Star Trek Into Darkness is full of many mysteries: Are Tribbles contractually obligated to appear in all Star Trek movies from now on? Why does Carol Marcus have a British accent when she doesn't have one in The Wrath of Khan and when her father Adm. Marcus (Peter Weller) is obviously all-American? Are we supposed to be okay with the destruction of much of San Francisco just because Kirk got over his self-doubt and landed his five-year mission? Did J.J. Abrams actually think Benedict Cumberbatch, as great as he is, could erase people's memories of Ricardo Montalban? We can't answer any of those. But the following eight burning questions we definitely can. Well, more or less.
1. Is the Enterprise Really Designed for Atmospheric Flight, Let Alone Underwater Travel?
As far as atmospheric flight is concerned, most definitely. Constitution-class starships are enabled for travel in planetary atmospheres, and the Enterprise does so on many occasions throughout The Original Series. Later versions of the Enterprise, like the Galaxy-class Enterprise-D from The Next Generation, would definitely not be able to do that, however. That said, there has never been any precedent for the Enterprise venturing underwater. I guess this altered timeline has resulted in even more modifications to the ship than we realized!
2. Is William Shatner's Kirk Any More Responsible When It Comes to the Prime Directive?
Not really. Just check out the Original Series episode "The Apple," in which Kirk is incredibly insistent that a group of primitive tribesman live free of the influence of an omnipotent god/minigolf obstacle called Vaal. He basically imposes "freedom" upon them, even though they're not ready for it. And that's not even counting Shatner Kirk's 17 separate violations of the Temporal Prime Directive, according to Starfleet's Temporal Investigations department in the 24th century. Those violations meant Kirk actually changed the timeline — like, say, bringing humpback whales 300 years into the future from 20th century Earth. Interestingly, Shatner Kirk never lost his command over any of those incidents, unlike Pine Kirk.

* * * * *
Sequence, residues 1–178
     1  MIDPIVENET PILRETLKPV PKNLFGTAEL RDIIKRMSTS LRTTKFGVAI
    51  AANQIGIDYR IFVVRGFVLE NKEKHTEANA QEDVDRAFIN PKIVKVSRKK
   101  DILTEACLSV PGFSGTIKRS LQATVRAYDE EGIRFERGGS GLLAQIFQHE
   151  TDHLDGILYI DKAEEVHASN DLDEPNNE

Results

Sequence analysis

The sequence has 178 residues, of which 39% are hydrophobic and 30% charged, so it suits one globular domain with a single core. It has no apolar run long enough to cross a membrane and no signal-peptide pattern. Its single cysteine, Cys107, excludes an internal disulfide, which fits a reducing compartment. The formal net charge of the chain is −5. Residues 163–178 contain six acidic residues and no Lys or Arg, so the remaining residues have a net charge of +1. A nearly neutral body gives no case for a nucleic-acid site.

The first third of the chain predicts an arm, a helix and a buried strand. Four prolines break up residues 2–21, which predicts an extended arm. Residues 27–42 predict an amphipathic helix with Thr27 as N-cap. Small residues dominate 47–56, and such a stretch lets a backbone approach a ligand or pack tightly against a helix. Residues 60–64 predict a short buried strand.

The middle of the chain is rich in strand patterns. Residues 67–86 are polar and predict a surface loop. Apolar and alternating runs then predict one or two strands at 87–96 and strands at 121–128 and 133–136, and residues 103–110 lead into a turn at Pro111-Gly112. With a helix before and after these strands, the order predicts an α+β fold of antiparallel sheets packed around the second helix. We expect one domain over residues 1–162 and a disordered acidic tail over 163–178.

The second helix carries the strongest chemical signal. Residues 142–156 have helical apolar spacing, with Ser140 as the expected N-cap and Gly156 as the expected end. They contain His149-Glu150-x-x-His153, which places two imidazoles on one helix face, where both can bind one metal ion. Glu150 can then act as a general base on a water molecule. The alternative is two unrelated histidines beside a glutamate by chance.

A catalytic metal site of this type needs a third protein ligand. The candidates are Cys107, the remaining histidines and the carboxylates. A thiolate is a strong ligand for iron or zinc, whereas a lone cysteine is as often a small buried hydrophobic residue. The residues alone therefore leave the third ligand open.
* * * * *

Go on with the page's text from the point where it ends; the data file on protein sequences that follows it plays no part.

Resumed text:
3. What Did Khan Do To Be Exiled in Space and Frozen for 300 Years?
Khan Noonien Singh and his followers were genetically engineered throughout central and south Asia in the 20th century to have superior physical and intellectual prowess. The scientists who bred them hoped that they would ascend to leadership positions in their respective countries — nations that had histories of conflict and poverty — and bring order from chaos. Well, most of them did become leaders. About 40 countries throughout Asia and the Middle East were under their control in the 1990s. But eventually the Augments, as they became known, turned on each other inaugurating a terrible conflict that lasted between 1992 and 1996 called the Eugenics Wars. Khan was the most powerful leader among these squabbling Augments and a cunning warrior — though it should be noted that none of the massacres and extermination campaigns led by the other Augment rulers occurred under Khan's leadership. By 1996, all the Augment leaders had been defeated, and, facing certain death, Khan and 72 of his genetically-enhanced followers climbed aboard a spaceship he'd designed and christened the Botany Bay, after Australia's famous 18th/19th century penal colony. It was a ship without warp drive so he and his followers had to enter cryosleep hoping that someday somebody would awaken them. That person was Kirk on The Original Series, and Admiral Marcus in Into Darkness.
4. Why Is There Such Hostility Between the Klingons and the Federation?
Humanity made a terrible impression upon the Klingon Empire upon their very first meeting in 2151 and won’t really be able to recover until the very end of the 23rd century. First contact between Earth and Qo’noS (in the film it’s styled Kronos) occurred when a Klingon warrior crash-landed in a farmer’s field in Broken Bow, Oklahoma, as seen in the pilot episode of Star Trek: Enterprise. The farmer wondered who this hulking, barking warrior was, so he shot him in the chest. An interstellar incident ensued and Capt. Jonathan Archer was tasked to return the injured Klingon to Kronos onboard the newly christened Enterprise NX-01 to avoid war. He succeeded, but the Klingons looked upon humanity with suspicion ever since. And after Earth entered into an interstellar Federation with the Vulcans, Tellarites, and Andorians, the gagh really hit the fan as far as the Klingons were concerned.